Ready to help Israel, Palestine in case of ceasefire: US
UNITED NATIONS, May 17: The United States told the United Nations Security Council on Sunday it has made clear to Israel, the Palestinians and others that it is ready to offer support "should the parties seek a ceasefire" to end the worsening violence between Israel and Palestinian militants in Gaza.
"The United States has been working tirelessly through diplomatic channels to try to bring an end to
this conflict," US Ambassador to the UN Linda Thomas-Greenfield told the 15-member council. "Because we believe Israelis and Palestinians equally have a right to live in safety and security."
As the Security Council held its first public meeting - after two private briefings last week - Prime Minister Benjamin Netanyahu said Israel's campaign in Hamas Islamist-run Gaza was continuing at "full force".
Washington - a strong ally of Israel - has been isolated at the United Nations over its objection to a public statement by the Security Council on the worst violence between Israel and the Palestinians in years because it worries it could harm behind-the-scenes diplomacy.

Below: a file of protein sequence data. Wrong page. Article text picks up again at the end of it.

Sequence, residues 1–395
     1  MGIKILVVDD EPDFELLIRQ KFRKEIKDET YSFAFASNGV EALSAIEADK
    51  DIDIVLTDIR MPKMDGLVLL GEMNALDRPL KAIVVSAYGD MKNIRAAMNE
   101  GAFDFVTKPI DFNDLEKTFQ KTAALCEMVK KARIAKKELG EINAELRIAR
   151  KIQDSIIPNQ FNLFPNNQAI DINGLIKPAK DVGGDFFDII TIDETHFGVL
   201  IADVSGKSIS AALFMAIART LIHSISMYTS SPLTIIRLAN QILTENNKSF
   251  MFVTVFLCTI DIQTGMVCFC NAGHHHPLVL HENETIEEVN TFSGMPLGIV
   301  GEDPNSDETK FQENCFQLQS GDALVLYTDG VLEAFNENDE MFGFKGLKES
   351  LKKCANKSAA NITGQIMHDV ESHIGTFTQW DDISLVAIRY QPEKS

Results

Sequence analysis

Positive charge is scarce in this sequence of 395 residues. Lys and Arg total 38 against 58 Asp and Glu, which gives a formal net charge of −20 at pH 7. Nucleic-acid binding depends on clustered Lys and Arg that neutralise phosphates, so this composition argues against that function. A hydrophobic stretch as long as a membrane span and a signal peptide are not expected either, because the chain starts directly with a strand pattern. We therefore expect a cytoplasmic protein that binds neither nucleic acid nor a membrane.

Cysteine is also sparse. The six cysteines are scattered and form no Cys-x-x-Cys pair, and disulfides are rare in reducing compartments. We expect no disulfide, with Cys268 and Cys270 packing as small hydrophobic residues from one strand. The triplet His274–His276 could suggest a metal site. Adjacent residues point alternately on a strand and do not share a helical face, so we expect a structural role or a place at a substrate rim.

"We call upon the US to shoulder its responsibilities, take a just position, and together with most of the international community support the Security Council in easing the situation," said Chinese Foreign Minister Wang Yi, who chaired Sunday's meeting because China is president for May.
China, which holds the rotating presidency of the Security Council, said the United States had blocked its efforts for "strong action" -- and invited Israelis and Palestinians to come negotiate in rising the Asian power.
"Regrettably, simply because of the obstruction of one country, the Security Council hasn't been able to speak with one voice," Foreign Minister Wang Yi said. "We call upon the United States to shoulder its due responsibilities."
"In all these engagements with Israeli officials, the Palestinian Authority, and all regional partners, the United States has made clear that we are prepared to lend our support and good offices should the parties seek a ceasefire," Thomas-Greenfield said. -AFP